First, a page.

At one end of the Minneapolis office, chief financial officer Denise Doll-Kiefer was trying to meet her goal of walking 2 to 4 miles every day while going over work at her desk. At the other end, at a bank of treadmills, Maura Howard and Angie Complin in business development perused emails and spoke with clients by phone as their walking shoes kept up a steady beat.

"I try to do 3 miles every day," said Howard, who also teaches fitness classes outside work. Both she and Complin said the regular walking helps them avoid the drowsiness that used to hit them after lunch.

Ben-Ner said Salo's experience is becoming less rare as more companies from Best Buy to Great Clips are setting up treadmills, standing desks and other equipment to encourage workers to get up and move.

"It's detectable on the radar now," he said of the desire to encourage more regular workplace activity, especially among deskbound workers.

"You sit long, you start dozing off because you don't do anything other than thinking."

It makes sense for companies, and sedentary workers, to pay attention, he said.

"There is a very simple cost-benefit analysis here. We're not talking big fitness gains. We are talking a person who is sedentary who just gets up."

Treadmill desks make workers more productive, study finds 04/03/14 [Last modified: Thursday, April 3, 2014 2:06pm]
Photo reprints | Article reprints

Copyright: For copyright information, please check with the distributor of this item, Tribune News Service.

Join the discussion: Click to view comments, add yours

  1. Pinellas construction licensing board needs to be fixed. But how?

    Local Government

    LARGO –– Everyone agrees that the Pinellas County Construction Licensing Board needs to be reformed. But no one agrees on how to do it.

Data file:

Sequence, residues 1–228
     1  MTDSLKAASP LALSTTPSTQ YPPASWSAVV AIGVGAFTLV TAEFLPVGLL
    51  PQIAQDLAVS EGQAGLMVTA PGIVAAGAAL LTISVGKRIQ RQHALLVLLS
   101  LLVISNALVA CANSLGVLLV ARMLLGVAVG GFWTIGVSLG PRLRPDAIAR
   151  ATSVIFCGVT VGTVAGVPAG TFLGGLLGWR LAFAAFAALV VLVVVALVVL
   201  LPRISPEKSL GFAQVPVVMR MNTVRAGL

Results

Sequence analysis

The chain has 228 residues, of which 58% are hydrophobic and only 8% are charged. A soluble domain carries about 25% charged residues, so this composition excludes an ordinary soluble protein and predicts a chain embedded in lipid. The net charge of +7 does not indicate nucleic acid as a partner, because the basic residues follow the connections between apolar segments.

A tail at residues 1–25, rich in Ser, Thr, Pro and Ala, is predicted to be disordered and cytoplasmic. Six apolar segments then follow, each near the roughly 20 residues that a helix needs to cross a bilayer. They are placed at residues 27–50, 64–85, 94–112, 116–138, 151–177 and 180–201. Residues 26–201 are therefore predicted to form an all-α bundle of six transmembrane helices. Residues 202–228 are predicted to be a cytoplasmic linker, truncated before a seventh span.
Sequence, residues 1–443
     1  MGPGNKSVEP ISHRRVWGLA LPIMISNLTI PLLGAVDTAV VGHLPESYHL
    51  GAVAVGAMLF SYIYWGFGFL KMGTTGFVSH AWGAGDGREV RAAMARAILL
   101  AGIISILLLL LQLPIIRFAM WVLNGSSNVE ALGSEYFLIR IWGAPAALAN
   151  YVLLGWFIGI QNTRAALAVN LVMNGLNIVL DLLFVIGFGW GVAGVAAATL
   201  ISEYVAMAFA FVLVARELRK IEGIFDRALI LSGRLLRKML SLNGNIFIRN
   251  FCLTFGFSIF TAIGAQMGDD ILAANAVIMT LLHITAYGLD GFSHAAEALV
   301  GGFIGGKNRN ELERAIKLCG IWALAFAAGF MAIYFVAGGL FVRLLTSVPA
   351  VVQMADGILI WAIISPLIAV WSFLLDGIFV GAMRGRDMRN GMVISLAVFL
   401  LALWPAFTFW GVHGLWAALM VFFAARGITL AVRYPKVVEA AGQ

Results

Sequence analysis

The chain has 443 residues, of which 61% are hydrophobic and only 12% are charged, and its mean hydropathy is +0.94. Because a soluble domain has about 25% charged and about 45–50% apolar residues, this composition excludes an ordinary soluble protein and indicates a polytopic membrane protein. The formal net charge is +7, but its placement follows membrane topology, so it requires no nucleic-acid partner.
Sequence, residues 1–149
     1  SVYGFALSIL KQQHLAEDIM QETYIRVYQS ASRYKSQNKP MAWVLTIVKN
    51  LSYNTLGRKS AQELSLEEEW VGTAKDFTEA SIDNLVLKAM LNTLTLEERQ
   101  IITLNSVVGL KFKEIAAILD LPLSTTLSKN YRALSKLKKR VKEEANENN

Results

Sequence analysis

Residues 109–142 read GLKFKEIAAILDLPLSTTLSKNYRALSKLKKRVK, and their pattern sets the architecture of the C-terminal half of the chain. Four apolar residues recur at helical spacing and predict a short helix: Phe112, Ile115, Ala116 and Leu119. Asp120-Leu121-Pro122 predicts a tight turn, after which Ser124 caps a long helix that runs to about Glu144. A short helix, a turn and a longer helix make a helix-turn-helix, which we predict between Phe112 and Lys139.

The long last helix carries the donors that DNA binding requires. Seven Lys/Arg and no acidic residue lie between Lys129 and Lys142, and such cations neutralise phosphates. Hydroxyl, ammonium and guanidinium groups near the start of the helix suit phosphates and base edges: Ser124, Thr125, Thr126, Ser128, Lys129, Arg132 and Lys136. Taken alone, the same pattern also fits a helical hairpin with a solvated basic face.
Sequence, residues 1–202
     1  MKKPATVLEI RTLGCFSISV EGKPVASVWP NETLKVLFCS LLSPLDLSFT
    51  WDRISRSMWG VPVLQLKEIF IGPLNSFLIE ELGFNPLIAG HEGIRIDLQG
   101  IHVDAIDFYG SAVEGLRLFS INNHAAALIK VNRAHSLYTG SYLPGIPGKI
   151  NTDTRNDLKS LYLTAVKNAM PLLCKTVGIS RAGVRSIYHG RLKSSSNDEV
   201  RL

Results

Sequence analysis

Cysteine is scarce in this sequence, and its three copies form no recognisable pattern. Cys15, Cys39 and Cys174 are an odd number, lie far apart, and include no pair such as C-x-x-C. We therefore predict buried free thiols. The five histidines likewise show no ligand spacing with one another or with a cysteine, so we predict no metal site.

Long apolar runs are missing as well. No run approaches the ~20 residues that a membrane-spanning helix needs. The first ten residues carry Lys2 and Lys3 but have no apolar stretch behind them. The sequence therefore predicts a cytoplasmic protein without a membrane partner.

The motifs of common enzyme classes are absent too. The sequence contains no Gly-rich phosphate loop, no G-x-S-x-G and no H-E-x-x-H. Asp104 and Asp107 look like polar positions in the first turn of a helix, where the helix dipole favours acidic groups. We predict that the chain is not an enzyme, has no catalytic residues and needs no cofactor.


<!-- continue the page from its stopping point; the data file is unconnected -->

Rodney Fischer, former executive director of the Pinellas County Construction Licensing Board Rodney, at a February meeting. His management of the agency was criticized by an inspector general's report. [SCOTT KEELER   |   Times]

  2. New owners take over downtown St. Petersburg's Hofbräuhaus


    ST. PETERSBURG — The downtown German beer-hall Hofbräuhaus St. Petersburg has been bought by a partnership led by former Checkers Drive-In Restaurants president Keith Sirois.

    The Hofbrauhaus, St. Petersburg, located in the former historic Tramor Cafeteria, St. Petersburg, is under new ownership.

  3. Boho Hunter will target fashions in Hyde Park


    Boho Hunter, a boutique based in Miami's Wynwood District, will expand into Tampa with its very first franchise.

    Palma Canaria bags will be among the featured items at Boho Hunter when it opens in October. Photo courtesy of Boho Hunter.
  4. Gallery now bringing useful art to Hyde Park customers


    HYDE PARK — In 1998, Mike and Sue Shapiro opened a gallery in St. Petersburg along Central Ave., with a majority of the space dedicated to Sue's clay studio.

     As Sue Shapiro continued to work on her pottery in St. Petersburg, her retail space grew and her studio shrunk. Now Shapiro's is bringing wares like these to Hyde Park Village. Photo courtesy of Shapiro's.
  5. Appointments at Raymond James Bank and Saint Leo University highlight this week's Tampa Bay business Movers & Shakers



    Raymond James Bank has hired Grace Jackson to serve as executive vice president and chief operating officer. Jackson will oversee all of Raymond James Bank's operational business elements, risk management and strategic planning functions. Kackson joins Raymond James Bank after senior …

    Raymond James Bank has hired Grace Jackson to serve as executive vice president and chief operating officer. [Company handout]